• Dynamic: the ability for administrators and users to create and destroy objects such as portlets, pages, portals, themes, and layouts at runtime.

  • Internationalization: the ability to use internationalization resource files for every portlet.

  • Pluggable Services: with authentication performed by the servlet container and JAAS, it is possible to swap the authentication scheme.

  • Page-based Architecture: allows the grouping and division of portlets on a per-page basis.

  • Existing Framework Support: portlets utilizing Apache Struts, Spring Web MVC, Sun JSF-RI, AJAX, and Apache MyFaces are supported.

Themes and Layouts

  • Swapping Themes and Layouts: new themes and layouts containing images can easily be deployed in WAR archives.

  • Flexible API: the Theme and Layout APIs are designed to separate the business layer from the presentation layer.

  • Per-page Layout Strategy: different layouts can be assigned to different pages.

User and Group Functionality

  • User Registration and Validation: configurable registration parameters allow user email validation before activation.

  • Workflow: ability to define your own jBPM workflow on user registration.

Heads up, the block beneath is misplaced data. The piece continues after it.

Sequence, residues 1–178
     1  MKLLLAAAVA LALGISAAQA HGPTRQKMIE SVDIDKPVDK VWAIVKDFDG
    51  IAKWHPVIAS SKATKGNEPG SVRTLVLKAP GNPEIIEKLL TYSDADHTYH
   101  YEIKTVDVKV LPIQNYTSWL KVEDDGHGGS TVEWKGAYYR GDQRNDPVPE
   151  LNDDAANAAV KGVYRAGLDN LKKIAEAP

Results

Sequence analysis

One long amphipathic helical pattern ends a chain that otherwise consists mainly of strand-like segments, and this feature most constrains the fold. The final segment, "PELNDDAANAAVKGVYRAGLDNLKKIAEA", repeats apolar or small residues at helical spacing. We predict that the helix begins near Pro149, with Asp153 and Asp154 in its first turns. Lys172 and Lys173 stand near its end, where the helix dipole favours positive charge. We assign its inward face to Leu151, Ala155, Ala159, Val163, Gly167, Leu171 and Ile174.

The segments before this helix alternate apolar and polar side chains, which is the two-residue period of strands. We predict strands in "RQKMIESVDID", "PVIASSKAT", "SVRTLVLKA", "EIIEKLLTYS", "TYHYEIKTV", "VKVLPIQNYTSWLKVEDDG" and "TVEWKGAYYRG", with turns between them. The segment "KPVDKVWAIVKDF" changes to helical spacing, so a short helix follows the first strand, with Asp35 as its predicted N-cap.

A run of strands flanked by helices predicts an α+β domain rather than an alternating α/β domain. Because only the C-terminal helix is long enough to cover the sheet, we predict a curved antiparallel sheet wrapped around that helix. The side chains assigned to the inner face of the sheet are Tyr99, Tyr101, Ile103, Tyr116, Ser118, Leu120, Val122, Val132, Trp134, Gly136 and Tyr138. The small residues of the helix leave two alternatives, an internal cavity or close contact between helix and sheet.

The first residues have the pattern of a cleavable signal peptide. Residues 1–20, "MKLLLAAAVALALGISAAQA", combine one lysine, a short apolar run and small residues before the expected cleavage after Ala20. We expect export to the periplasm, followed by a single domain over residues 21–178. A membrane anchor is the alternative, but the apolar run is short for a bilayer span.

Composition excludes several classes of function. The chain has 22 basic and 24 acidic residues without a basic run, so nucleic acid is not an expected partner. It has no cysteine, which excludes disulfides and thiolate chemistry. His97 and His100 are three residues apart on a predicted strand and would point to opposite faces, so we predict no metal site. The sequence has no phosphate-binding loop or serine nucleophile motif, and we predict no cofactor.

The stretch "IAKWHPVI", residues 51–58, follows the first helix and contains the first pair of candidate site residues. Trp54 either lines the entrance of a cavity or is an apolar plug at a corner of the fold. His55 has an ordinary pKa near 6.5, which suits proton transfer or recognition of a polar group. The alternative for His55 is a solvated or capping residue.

• User Log In: makes use of servlet container authentication.

  • Create and Edit Users: ability for administrators to create and edit user profiles.

  • Create and Edit Roles: ability for administrators to create and edit roles.

  • Role Assignment: ability for administrators to assign users to roles.

  • CAPTCHA Support: distinguish between humans and machines when registering.

Permissions Management

  • Extendable Permissions API: allows custom portlet permissions based on role definition.

  • Administrative Interface: allows permission assignments to roles at any time for any deployed portlet, page, or portal instance.

Content Management System

  • JCR-compliant: the CMS is powered by Apache Jackrabbit, an open source implementation of the Java™ content repository API.

  • Database and File System Store Support: configure the content store for either a file system or an RDBMS.

  • External Blob Support: configurable content store, allowing large blobs to reside on a file system, and content node references and properties to reside in an RDBMS.

  • Version and History Support: all content edited and created is auto-versioned with a history of edits, that can be viewed at any time.

  • Content Serving Search-engine-friendly URLS: http://your-domain/portal/content/index.html (does not apply to portlet actions).

  • No Long Portal URLS: serve binaries with simple URLs (http://your-domain/files/products.pdf).